By Richard Noll
In 1895 there has been no longer a unmarried case of dementia praecox said within the usa. by means of 1912 there have been tens of hundreds of thousands of individuals with this prognosis locked up in asylums, hospitals, and jails. through 1927 it used to be fading away . How might this kind of bad sickness be found, impact such a lot of lives, after which grow to be anything else?In shiny element, Richard Noll describes how the invention of this mysterious sickness gave desire to the overworked asylum medical professionals that they can eventually explain—though they can no longer cure—the depressing sufferers surrounding them. the tale of dementia praecox, and its eventual alternative via the hot suggestion of schizophrenia, additionally finds how asylum physicians fought for his or her personal respectability. If what they have been watching used to be a sickness, then this organic truth used to be amenable to medical study. within the early 20th century, dementia praecox was once psychiatry’s key into an more and more science-focused clinical profession.But for the instant, not anything can be performed to aid the victims. whilst the concept that of schizophrenia provided a clean figuring out of this affliction, and desire for a medication, psychiatry deserted the outdated affliction for the hot. during this dramatic tale of a vanished prognosis, Noll indicates the co-dependency among a sickness and the medical prestige of the occupation that treats it. The ghost of dementia praecox haunts today’s debates concerning the newest iteration of psychiatric problems. (20111027)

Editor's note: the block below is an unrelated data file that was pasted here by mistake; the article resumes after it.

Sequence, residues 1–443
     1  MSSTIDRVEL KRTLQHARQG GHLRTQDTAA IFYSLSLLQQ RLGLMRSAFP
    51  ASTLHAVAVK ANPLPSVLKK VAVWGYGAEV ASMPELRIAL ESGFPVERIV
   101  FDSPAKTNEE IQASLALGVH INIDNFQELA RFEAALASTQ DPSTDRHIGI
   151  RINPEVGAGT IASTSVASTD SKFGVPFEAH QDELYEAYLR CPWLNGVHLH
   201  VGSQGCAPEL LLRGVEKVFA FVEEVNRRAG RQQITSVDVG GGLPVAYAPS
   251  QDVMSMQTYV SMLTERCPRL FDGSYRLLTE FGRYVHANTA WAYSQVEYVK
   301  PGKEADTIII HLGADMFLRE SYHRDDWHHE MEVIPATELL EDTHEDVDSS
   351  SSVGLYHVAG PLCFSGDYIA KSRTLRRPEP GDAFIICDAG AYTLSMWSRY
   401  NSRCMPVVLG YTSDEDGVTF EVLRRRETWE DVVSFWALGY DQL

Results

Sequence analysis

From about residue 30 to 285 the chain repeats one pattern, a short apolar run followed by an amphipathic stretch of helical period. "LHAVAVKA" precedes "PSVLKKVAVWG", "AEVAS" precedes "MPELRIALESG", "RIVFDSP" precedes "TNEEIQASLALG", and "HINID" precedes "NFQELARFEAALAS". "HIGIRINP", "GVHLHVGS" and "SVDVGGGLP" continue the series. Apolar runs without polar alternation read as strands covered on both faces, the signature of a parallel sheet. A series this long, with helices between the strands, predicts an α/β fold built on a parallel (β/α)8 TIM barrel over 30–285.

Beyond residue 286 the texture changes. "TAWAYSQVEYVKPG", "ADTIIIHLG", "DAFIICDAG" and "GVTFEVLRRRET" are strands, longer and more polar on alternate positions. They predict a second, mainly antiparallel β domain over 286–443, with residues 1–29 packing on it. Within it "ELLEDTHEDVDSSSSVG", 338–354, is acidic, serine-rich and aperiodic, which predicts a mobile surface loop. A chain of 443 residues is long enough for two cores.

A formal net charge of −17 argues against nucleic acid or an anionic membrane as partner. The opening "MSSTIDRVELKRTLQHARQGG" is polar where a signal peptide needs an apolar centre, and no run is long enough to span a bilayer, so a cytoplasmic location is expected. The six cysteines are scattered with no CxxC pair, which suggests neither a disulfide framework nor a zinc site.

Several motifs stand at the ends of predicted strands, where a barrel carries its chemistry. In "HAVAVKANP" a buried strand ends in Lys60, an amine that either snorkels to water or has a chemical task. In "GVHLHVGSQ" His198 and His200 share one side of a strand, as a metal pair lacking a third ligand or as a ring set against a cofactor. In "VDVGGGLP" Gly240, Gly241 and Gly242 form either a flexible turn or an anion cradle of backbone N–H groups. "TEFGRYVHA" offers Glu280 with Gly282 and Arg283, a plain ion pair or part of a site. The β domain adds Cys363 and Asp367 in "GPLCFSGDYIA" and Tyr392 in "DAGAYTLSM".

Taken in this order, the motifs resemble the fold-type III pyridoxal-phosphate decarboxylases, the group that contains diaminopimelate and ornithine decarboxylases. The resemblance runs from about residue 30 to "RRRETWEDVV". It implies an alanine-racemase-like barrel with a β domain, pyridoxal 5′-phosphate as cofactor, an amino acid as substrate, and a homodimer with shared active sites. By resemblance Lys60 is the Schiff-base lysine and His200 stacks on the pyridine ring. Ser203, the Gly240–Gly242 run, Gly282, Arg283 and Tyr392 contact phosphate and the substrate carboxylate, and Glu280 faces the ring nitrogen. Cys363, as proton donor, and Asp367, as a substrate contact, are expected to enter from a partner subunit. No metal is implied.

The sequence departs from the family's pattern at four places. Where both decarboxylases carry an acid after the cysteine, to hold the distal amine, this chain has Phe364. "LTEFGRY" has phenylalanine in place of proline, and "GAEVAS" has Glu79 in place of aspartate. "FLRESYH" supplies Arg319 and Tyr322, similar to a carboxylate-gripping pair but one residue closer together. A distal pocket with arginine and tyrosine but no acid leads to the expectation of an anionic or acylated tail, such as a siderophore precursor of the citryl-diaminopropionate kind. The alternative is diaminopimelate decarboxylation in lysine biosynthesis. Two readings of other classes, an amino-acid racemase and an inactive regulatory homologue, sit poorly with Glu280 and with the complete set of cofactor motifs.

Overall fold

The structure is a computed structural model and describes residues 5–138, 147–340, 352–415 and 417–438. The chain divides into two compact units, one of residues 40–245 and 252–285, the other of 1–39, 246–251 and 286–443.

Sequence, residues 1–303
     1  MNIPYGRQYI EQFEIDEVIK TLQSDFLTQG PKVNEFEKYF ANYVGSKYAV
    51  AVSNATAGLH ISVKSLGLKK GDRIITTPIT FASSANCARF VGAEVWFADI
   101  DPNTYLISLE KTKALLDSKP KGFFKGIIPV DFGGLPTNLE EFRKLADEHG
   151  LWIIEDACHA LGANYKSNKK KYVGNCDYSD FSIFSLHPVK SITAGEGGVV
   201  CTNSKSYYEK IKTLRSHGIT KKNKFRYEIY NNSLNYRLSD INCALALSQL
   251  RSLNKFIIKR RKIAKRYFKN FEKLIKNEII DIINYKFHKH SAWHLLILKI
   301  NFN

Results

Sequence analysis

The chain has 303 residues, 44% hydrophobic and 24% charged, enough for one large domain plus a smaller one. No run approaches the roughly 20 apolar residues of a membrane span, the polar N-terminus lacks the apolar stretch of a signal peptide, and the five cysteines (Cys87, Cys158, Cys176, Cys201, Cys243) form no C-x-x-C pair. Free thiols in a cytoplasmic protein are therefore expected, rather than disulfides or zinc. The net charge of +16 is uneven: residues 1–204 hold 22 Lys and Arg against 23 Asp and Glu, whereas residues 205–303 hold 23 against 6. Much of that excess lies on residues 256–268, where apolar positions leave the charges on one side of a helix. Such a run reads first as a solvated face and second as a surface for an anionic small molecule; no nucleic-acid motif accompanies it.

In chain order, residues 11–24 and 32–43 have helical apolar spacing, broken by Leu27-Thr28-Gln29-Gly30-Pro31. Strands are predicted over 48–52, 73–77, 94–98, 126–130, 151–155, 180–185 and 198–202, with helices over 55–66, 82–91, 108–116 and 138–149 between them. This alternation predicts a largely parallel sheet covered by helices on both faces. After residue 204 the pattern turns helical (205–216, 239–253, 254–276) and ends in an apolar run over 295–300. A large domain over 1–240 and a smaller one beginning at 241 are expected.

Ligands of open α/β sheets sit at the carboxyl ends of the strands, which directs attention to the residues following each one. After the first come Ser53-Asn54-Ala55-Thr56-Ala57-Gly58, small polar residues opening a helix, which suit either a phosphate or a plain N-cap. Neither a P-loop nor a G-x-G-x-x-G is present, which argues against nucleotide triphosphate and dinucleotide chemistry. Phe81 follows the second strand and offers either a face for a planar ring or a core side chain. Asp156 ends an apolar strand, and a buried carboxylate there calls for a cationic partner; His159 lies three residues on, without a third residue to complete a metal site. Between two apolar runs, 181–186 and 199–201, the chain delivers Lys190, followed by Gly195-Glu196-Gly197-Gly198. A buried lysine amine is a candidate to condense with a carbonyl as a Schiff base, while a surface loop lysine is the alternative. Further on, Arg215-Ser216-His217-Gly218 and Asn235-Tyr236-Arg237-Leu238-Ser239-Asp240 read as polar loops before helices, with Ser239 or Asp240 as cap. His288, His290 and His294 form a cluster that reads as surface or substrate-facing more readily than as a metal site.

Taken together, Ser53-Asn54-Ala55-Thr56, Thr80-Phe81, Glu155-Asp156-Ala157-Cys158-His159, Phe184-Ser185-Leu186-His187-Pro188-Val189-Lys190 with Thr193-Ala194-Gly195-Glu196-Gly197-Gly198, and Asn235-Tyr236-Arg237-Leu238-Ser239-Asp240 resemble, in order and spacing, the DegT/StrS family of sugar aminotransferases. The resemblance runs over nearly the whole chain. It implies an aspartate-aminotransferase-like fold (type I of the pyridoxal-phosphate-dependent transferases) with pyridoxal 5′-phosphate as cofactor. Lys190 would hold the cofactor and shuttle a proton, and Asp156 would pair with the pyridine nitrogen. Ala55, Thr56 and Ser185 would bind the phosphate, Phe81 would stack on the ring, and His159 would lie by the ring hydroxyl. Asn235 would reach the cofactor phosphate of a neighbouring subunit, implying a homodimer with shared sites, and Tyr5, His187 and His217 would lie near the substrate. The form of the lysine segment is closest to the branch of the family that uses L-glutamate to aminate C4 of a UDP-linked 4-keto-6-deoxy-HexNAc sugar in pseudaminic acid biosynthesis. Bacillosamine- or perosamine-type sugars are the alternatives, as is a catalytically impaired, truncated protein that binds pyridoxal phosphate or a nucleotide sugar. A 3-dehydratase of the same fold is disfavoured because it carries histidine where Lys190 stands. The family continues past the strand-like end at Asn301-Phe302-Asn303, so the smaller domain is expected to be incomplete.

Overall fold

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Additional info for American Madness: The Rise and Fall of Dementia Praecox
Although some asylums had special tuberculosis wards (or tents placed at some distance from the main buildings), most didn’t, including the Indiana state hospital where the alienist Edward Kempf worked. “This indifference to the health of the patients, attendants and physicians is intolerable and a positive criminal neglect,” he wrote in 1912, adding: Many patients per sistent ly spit upon the floors, bedding, rugs, couches, into the radiators and on their clothes, wholly indifferent and ignorant to the awful havoc they cause.
And there was simply no time for such effort. On the initial page started upon admission there often would be the expected personal information—name, address, family contacts, occupation, and so on— and a word or a phrase indicating the probable cause of the patient’s insanity (disappointed affections, religious excitement, masturbation, fright and ner vous shock, overwork, menstruation, intemperance, grief, childbirth, financial misfortune, and heredity were common) and perhaps a diagnosis (usually some form of mania, melancholia, dementia, or idiocy) accentuated by a variety of modifiers (“acute,” “terminal,” and so on), but it really didn’t matter: the fact that a person was judged insane, not that he or she had a particular diagnosis, was the main thing.
This would mark a rise in rank and institutional power equal to that of as- ADOLF ME YER BRINGS DEMENTIA PRAECOX TO AMERICA 43 sistant physician. Still unsure of himself, Meyer refused. “You know all about my irritability and ner vousness,” he wrote to his brother on 21 August 1893. ”19 Meyer also got permission to construct a document containing a structured interview for an alienist to follow when conducting the initial evaluation. Such interviews were usually conducted when the patient was placed in the bathtub directly after admission, and some alienists spent no more than three to five minutes recording a history from new patients.